The authors in the study point out that honeybee venom is inexpensive and easy to obtain, thus making it a fantastic option for cancer treatment in regions and countries with poorly resourced health services and care.
"Honeybee venom is available globally and offers cost effective and easily accessible treatment options in remote or less developed regions," the authors write. "Further research will be required to assess whether the venom of some genotypes of bees has more potent or specific anticancer activities, which could then be exploited."
Though exciting, this research is still in early, lab testing stages. The researchers will still need to perform clinical trials to assess the safety and efficacy of melittin for treating breast cancer in humans.
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What is human dignity? Here's a primer, told through 200 years of great essays, lectures, and novels.
- Human dignity means that each of our lives have an unimpeachable value simply because we are human, and therefore we are deserving of a baseline level of respect.
- That baseline requires more than the absence of violence, discrimination, and authoritarianism. It means giving individuals the freedom to pursue their own happiness and purpose.
- We look at incredible writings from the last 200 years that illustrate the push for human dignity in regards to slavery, equality, communism, free speech and education.
The inherent worth of all human beings<p>Human dignity is the inherent worth of each individual human being. Recognizing human dignity means respecting human beings' special value—value that sets us apart from other animals; value that is intrinsic and cannot be lost.</p> <p>Liberalism—the broad political philosophy that organizes society around liberty, justice, and equality—is rooted in the idea of human dignity. Liberalism assumes each of our lives, plans, and preferences have some unimpeachable value, not because of any objective evaluation or contribution to a greater good, but simply because they belong to a human being. We are human, and therefore deserving of a baseline level of respect. </p> <p>Because so many of us take human dignity for granted—just a fact of our humanness—it's usually only when someone's dignity is ignored or violated that we feel compelled to talk about it. </p> <p>But human dignity means more than the absence of violence, discrimination, and authoritarianism. It means giving individuals the freedom to pursue their own happiness and purpose—a freedom that can be hampered by restrictive social institutions or the tyranny of the majority. The liberal ideal of the good society is not just peaceful but also pluralistic: It is a society in which we respect others' right to think and live differently than we do.</p>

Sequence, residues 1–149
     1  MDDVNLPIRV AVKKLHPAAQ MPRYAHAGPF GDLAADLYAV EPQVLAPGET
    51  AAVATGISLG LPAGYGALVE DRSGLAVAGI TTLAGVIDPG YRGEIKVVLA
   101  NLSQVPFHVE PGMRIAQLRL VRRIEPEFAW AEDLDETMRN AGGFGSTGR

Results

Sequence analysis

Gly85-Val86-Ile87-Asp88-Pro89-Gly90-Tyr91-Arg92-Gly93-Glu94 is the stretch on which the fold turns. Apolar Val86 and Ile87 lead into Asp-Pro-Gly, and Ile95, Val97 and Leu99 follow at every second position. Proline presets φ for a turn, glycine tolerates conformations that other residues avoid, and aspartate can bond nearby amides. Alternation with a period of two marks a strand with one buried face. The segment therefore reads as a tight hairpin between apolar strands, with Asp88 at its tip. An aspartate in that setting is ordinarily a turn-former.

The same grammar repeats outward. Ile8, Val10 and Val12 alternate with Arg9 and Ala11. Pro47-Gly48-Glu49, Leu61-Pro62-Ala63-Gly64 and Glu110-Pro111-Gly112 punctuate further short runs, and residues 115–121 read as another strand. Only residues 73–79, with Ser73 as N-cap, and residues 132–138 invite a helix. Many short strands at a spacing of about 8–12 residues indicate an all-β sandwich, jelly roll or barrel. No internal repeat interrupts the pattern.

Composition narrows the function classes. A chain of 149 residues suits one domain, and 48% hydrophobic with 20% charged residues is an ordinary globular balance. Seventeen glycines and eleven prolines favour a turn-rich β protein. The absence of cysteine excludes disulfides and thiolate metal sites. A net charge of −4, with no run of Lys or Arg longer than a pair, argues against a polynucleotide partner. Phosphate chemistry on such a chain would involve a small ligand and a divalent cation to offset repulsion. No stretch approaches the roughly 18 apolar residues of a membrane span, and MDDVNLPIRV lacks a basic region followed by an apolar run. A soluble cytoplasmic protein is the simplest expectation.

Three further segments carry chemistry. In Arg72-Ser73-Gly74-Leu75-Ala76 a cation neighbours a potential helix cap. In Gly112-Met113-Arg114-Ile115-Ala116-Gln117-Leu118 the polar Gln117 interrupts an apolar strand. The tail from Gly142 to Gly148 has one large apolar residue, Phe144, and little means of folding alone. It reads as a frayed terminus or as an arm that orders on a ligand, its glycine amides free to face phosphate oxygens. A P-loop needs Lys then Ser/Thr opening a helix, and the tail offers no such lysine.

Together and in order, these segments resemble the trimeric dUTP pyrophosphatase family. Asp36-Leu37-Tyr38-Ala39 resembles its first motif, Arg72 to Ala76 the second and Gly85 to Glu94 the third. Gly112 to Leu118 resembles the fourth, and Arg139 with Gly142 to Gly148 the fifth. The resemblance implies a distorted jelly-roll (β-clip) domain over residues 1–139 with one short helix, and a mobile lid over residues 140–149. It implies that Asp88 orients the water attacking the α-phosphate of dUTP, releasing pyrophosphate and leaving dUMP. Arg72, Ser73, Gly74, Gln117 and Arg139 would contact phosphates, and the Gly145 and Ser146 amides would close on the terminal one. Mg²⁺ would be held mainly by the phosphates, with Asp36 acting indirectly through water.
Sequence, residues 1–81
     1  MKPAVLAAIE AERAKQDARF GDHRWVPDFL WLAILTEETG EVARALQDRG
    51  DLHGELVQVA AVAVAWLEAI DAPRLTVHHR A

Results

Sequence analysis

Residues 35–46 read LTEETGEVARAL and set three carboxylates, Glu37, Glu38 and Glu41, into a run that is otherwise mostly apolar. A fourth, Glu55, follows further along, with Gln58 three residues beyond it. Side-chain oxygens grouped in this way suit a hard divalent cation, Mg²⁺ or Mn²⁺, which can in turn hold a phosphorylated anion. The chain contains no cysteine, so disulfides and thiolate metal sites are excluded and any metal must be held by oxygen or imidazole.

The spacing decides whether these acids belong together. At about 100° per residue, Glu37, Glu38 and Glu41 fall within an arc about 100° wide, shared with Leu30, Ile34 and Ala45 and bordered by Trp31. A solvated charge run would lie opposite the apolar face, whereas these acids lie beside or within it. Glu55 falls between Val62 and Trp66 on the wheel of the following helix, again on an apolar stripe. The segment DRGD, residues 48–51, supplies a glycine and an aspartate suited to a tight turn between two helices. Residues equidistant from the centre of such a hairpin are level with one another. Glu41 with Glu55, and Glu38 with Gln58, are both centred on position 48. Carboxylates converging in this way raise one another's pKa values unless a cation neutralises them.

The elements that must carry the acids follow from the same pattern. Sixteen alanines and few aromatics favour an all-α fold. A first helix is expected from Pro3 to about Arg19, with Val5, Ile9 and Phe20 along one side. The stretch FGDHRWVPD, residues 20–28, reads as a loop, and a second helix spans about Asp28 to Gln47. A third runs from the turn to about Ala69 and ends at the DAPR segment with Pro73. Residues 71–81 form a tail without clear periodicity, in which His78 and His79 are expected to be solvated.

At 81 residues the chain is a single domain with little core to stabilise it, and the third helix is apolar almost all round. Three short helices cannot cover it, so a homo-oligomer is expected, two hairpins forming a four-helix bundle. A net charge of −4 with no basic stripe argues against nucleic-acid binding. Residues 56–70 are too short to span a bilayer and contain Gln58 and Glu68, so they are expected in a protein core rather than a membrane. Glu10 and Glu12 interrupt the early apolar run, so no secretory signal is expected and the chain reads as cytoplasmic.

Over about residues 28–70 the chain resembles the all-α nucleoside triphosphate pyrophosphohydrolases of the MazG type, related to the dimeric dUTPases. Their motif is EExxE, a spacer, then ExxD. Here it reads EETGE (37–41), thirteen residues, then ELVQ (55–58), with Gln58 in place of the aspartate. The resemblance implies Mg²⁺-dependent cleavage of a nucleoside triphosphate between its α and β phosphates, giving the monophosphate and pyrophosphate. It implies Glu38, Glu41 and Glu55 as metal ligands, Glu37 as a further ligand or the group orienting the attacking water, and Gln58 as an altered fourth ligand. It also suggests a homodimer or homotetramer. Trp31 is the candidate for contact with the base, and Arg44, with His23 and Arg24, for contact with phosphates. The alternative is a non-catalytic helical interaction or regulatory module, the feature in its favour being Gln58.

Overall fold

From the 19th century to today<p>With <a href="https://books.google.com/ngrams/graph?year_start=1800&year_end=2019&content=human+dignity&corpus=26&smoothing=3&direct_url=t1%3B%2Chuman%20dignity%3B%2Cc0" target="_blank" rel="noopener noreferrer">Google Books Ngram Viewer</a>, we can chart mentions of human dignity from 1800-2019.</p><img type="lazy-image" data-runner-src="https://assets.rebelmouse.io/eyJhbGciOiJIUzI1NiIsInR5cCI6IkpXVCJ9.eyJpbWFnZSI6Imh0dHBzOi8vYXNzZXRzLnJibC5tcy8yNDg0ODU0My9vcmlnaW4ucG5nIiwiZXhwaXJlc19hdCI6MTY1MTUwMzE4MX0.bu0D_0uQuyNLyJjfRESNhu7twkJ5nxu8pQtfa1w3hZs/img.png?width=980" id="7ef38" class="rm-shortcode" data-rm-shortcode-id="9974c7bef3812fcb36858f325889e3c6" data-rm-shortcode-name="rebelmouse-image" />
American novelist, writer, playwright, poet, essayist and civil rights activist James Baldwin at his home in Saint-Paul-de-Vence, southern France, on November 6, 1979.
Credit: Ralph Gatti/AFP via Getty Images
The future of dignity<p>Around the world, people are still working toward the full and equal recognition of human dignity. Every year, new speeches and writings help us understand what dignity is—not only what it looks like when dignity is violated but also what it looks like when dignity is honored. In his posthumous essay, Congressman Lewis wrote, "When historians pick up their pens to write the story of the 21st century, let them say that it was your generation who laid down the heavy burdens of hate at last and that peace finally triumphed over violence, aggression and war."</p> <p>The more we talk about human dignity, the better we understand it. And the sooner we can make progress toward a shared vision of peace, freedom, and mutual respect for all. </p>